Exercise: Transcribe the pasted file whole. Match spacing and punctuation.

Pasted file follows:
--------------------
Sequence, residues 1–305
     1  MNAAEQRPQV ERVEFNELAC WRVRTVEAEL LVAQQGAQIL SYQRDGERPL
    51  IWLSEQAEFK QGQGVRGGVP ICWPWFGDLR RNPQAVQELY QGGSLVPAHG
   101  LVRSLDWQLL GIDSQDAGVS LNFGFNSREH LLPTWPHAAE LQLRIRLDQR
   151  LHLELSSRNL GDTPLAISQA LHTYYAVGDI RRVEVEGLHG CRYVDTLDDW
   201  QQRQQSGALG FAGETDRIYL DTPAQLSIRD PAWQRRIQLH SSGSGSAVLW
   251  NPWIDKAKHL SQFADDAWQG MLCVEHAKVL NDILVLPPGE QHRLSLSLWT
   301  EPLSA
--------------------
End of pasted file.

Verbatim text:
Sequence, residues 1–305
     1  MNAAEQRPQV ERVEFNELAC WRVRTVEAEL LVAQQGAQIL SYQRDGERPL
    51  IWLSEQAEFK QGQGVRGGVP ICWPWFGDLR RNPQAVQELY QGGSLVPAHG
   101  LVRSLDWQLL GIDSQDAGVS LNFGFNSREH LLPTWPHAAE LQLRIRLDQR
   151  LHLELSSRNL GDTPLAISQA LHTYYAVGDI RRVEVEGLHG CRYVDTLDDW
   201  QQRQQSGALG FAGETDRIYL DTPAQLSIRD PAWQRRIQLH SSGSGSAVLW
   251  NPWIDKAKHL SQFADDAWQG MLCVEHAKVL NDILVLPPGE QHRLSLSLWT
   301  EPLSA